Osso Buco (Bone with a Hole)

DSC_0065(click on pics to enlarge)

(Osso = bone) + (Buco = hole)

This meat is a shank cut. The best part is the marrow in the center of the bone when cooked. Mostly, it is made with veal shank. However, veal shank can be expensive or impossible to find. Since the meat will cook for an hour and one-half or more, I substitute the veal with a beef shank. I can find beef shank for a third of the cost of veal and actually I think it has a place in this dish.

There are two types of Osso Buco.  The older versions from decades ago is made with veal and the sauce is a brown sauce.  It has virtually no tomatoes other than a little tomato paste and uses dry white wine.  It is considered the old-fashioned Milanese type.  Since I’m using beef shank, I prefer to use red wine, tomato paste and a tomato sauce.  The sauce I make each year from the San Marzano tomatoes I grow in my garden.  This version with tomatoes is a more modern adaptation.  One final deviation I do is after browning the shank I cut the meat away from the bone into bite size pieces.  However, I serve the bone with the dish.  It makes it more convenient to eat.  I serve both with polenta and gremolata.  So, this is really Osso Buco stew.

Serves 2

2 beef shanks (or veal if available)
3 Tbsp. tomato paste
1 – 15 oz. can tomato sauce or puree. (I make my own each year from scratch and freeze)
½ cup of dry red wine (dry white will also work)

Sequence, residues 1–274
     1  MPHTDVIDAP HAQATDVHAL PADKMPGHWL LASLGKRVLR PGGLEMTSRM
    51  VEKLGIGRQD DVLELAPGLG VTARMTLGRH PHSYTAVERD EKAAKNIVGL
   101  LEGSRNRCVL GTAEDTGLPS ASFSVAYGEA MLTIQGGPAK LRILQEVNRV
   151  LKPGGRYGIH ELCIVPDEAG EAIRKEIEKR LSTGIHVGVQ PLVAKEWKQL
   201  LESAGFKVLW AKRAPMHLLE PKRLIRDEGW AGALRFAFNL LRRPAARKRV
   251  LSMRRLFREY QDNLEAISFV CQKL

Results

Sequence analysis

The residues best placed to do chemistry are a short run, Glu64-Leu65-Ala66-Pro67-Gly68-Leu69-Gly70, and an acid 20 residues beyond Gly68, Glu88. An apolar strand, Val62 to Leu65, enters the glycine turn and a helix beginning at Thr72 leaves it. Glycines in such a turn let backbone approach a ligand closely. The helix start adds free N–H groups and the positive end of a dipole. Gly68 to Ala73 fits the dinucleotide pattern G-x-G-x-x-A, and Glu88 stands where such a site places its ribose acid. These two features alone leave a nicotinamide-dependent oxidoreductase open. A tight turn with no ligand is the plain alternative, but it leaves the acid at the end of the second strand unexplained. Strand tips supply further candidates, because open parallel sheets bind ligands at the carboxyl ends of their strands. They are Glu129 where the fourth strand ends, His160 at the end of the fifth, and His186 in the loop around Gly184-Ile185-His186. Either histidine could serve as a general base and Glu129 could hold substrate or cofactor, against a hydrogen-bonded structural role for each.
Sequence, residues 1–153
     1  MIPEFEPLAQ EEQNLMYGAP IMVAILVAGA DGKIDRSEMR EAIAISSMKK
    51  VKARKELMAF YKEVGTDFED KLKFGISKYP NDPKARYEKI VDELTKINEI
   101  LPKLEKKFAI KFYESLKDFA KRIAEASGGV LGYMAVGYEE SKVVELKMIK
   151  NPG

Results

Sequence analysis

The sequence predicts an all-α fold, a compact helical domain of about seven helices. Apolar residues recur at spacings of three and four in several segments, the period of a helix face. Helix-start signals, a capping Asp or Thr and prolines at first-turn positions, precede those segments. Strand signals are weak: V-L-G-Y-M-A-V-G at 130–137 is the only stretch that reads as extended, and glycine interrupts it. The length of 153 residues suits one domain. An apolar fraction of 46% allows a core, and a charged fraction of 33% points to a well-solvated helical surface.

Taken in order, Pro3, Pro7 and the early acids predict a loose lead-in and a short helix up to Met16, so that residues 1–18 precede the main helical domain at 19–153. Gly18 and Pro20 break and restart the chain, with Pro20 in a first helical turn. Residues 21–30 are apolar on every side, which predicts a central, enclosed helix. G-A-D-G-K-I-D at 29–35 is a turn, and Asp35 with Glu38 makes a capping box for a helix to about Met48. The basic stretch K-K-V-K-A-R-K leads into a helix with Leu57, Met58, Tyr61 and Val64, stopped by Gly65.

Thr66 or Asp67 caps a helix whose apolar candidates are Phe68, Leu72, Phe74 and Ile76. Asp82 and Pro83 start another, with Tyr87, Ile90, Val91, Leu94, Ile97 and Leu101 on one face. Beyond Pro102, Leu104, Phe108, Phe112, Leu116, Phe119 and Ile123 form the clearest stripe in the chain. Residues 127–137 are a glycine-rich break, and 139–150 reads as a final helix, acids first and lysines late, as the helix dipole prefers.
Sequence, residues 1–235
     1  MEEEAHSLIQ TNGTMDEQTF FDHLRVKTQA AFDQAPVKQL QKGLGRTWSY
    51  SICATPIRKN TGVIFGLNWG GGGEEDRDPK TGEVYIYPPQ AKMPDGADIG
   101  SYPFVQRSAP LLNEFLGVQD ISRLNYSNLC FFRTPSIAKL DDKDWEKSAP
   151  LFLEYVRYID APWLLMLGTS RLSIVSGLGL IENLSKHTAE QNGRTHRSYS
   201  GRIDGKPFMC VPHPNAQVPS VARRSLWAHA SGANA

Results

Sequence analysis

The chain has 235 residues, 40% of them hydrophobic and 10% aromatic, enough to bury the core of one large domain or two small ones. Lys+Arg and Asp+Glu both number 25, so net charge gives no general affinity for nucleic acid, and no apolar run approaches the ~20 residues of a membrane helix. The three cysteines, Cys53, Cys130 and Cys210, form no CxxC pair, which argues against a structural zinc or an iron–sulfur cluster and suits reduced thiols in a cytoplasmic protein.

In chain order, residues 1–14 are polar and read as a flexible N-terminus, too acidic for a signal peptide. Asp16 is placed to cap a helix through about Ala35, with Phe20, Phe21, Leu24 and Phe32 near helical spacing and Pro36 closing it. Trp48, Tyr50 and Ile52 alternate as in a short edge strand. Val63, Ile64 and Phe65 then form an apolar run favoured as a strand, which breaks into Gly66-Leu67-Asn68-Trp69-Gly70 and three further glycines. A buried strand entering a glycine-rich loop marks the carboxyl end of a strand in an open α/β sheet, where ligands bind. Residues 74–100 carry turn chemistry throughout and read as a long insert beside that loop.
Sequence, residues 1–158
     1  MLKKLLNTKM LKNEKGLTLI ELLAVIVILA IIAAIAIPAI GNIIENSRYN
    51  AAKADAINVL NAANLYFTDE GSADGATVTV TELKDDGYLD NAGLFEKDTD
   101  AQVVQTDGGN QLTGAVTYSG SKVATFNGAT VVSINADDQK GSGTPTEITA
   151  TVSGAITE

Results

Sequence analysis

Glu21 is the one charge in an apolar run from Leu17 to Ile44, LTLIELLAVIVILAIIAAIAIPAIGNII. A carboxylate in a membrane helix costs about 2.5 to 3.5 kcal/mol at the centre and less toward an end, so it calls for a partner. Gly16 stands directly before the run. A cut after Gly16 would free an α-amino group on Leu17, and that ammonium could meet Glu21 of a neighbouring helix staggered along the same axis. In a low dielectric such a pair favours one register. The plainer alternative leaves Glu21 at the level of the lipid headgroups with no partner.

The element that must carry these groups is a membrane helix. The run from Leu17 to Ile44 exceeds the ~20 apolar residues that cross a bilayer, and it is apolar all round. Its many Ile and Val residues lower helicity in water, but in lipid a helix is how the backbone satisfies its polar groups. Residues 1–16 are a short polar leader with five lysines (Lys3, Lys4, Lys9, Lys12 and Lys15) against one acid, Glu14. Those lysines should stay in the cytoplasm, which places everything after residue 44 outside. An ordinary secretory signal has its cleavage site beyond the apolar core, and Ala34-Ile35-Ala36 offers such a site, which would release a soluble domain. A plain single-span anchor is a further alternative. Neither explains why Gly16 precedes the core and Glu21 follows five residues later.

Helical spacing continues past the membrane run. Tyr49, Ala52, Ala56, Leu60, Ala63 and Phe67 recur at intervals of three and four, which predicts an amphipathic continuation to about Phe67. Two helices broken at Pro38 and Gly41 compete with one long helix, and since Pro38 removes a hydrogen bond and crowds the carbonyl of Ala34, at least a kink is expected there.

Salt and pepper
Meat broth as needed (I use veal stock when available but chicken broth works fine also.)
1 clove garlic (pressed)

2 carrots chopped into ½ inch pieces
1 half onion chopped
2 celery stalks cut into ½ inch pieces

Bouquet Garni:  Tie in a cheesecloth sack
1 sprig rosemary
2 sprigs oregano or thyme
1 bay leaf

Gremolata (Chopped herb garnish):
1 lemon grated for its lemon zest
1 clove garlic minced
2 Tbsp. Italian parsley finely chopped
¼ tsp. dried sage
1 Tbsp. fresh rosemary finely chopped
1 Tbsp. olive oil
1 tsp lemon juice
(Chop all the herbs and garlic.  Mix everything in a bowl.) 


Cooking Directions:
Salt and pepper the meat and then dredge in flour. Brown in a Tbsp. or more EVOO in an oven proof pot. I use a 5 quart cast-iron pot with a lid.  Remove meat after browning and set aside.  The shank should be served whole with the bone in but I also find it better to cut it up in squares and serve the bone along with it.  It makes it easier to manage on the plate.

Add another Tbsp. EVOO and sauté the mirepoix.

Mix the red wine and tomato paste in a cup or bowl until the paste has dissolved.  Add the wine mixture to the mirepoix and stir.  Add one cup of stock or broth and stir.  Salt and pepper to taste.  Bring to a light boil then reduce heat to simmer.  Add bouquet garni and simmer 20 minutes.

Return meat to the pot and then add pressed garlic. Add remaining stock or broth until the meat is covered. Then add a dash more of wine.

Place pot with a lid (Dutch oven) in a 350°F (180°C) oven for 1½ to 2 hours.  An alternative is to simmer on top of the stove for nearly 1½ to 2 hours or until the meat tender.

Serve on a bed of cooked Polenta or Risotto and garnish with Gremolata to serve.

600 calories for 8 oz. meat, 24g carbs.

As of 1/30/22

Artichoke Seafood Soup

This is the best soup.  This dish works well with any combination of oysters, scallops, shrimp, and fish. 

½ yellow onion finely chopped